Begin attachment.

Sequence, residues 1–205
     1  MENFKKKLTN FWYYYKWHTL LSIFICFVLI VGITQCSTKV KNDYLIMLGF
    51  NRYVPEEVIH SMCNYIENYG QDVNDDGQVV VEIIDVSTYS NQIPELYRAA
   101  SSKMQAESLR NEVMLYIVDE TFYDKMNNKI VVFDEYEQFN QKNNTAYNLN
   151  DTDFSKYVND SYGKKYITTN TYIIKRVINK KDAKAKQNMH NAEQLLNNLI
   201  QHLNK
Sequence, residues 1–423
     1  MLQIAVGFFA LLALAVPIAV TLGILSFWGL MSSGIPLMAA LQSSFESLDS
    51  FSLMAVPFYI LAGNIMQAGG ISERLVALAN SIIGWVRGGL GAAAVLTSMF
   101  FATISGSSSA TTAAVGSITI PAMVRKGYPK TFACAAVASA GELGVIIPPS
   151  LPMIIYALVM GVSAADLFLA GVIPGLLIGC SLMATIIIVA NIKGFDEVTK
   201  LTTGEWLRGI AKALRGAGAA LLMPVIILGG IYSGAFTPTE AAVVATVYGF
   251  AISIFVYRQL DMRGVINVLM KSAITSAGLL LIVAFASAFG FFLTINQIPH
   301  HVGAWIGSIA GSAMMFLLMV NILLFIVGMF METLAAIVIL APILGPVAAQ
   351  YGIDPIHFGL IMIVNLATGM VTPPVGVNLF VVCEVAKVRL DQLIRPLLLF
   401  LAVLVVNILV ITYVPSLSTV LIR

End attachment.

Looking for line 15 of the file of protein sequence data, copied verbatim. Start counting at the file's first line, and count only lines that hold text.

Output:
   351  YGIDPIHFGL IMIVNLATGM VTPPVGVNLF VVCEVAKVRL DQLIRPLLLF